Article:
Super Courts for Super Cases

TIMES STAFF WRITER

Within a beige modular building across the street from the Central Men's Jail in Santa Ana lie what officials are hailing as the most technologically advanced courtrooms in the state and the future battleground for the county's most complicated and time-consuming lawsuits.

Built over two years using a state grant, the courtrooms are "paperless": lawyers will display exhibits using PowerPoint computer software and challenge witnesses with quick video playback of their testimony. Transcripts will flow from the court reporter's hands to television monitors, using software that transcribes the notes into English.

Where once lawyers and court officials struggled with boxes of documents and bulky projectors, now compact discs can be slipped into an attorney's laptop computer and the same information displayed before a jury on wide-screen monitors.

The five-courtroom facility was designed to deal with complex civil cases--lawsuits that involve numerous parties, storerooms of evidence, squads of lawyers, and years of courtroom time. Such cases have sapped the energy and resources of already burdened courthouses throughout the state, and the judiciary is scrambling to cope with their growth.

Court officials say the Santa Ana facility is the model for future courtrooms.

"We're looking at a number of ways of dealing with the situation, and technology like this is one of them," said Lynn Holton, a spokeswoman for the Judicial Council of California. "Courts are having a huge challenge keeping up with their regular workload as it is."

Workers are still finishing the Civil Complex Center, which will open in early August. During a preview Friday, officials estimated that the gadgetry and special design would move cases along 20% faster than in older, traditional courtrooms.

"Everybody is very excited about these new courtrooms," said Orange County Superior Court Judge William F. McDonald. "The lawyers are just chafing at the bit to get in here."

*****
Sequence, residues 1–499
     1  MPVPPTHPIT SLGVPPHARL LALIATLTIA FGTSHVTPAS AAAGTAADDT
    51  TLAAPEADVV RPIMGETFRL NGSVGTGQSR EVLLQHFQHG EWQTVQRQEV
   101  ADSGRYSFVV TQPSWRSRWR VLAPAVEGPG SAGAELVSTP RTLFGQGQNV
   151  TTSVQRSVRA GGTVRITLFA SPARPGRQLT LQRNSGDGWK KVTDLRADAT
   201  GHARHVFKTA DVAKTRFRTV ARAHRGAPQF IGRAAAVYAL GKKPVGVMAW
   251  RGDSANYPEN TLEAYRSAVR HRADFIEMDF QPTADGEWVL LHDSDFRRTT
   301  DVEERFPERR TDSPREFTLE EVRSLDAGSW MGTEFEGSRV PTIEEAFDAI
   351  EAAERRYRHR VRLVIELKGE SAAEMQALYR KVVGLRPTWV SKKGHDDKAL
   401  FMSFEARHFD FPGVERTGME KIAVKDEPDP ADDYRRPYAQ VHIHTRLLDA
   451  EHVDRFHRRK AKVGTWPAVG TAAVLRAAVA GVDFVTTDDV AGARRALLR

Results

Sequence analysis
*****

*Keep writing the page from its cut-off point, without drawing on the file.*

Included in the new facility are computer displays that allow lawyers and witnesses to draw and illustrate over exhibits. The judge's bench and chambers are also wired into the computer-video system, so that jurists can flip a kill switch from the bench if something is presented that should not be seen by the jury.

The courtrooms are also larger, to accommodate up to 60 lawyers at a time. They have panic buttons that alert sheriff's deputies to problems and judge's benches lined with the bullet-resistant fabric Kevlar.

The nondescript, one-story court facility on Flower Street once housed federal courtrooms, but has been vacant for two years. The county and the Orange County Superior Court have paid $2.25 million for the refurbishment.

One of the reasons the cost is modest, officials said, is that a private company installed the courtroom technology for free. Lawyers who use it will pay the firm, Doar, Inc., based in Rockville Center, N.Y., $550 a day to rent the equipment.

In traditional courtrooms, evidence boxes and power cords for television monitors often create safety hazards. In one complex litigation case, McDonald said, there were so many boxes of evidence that the building supervisor worried that the floor might collapse.

"We're getting rid of much of the clutter and junk that just isn't safe," said McDonald, who supervises the work at the new center.

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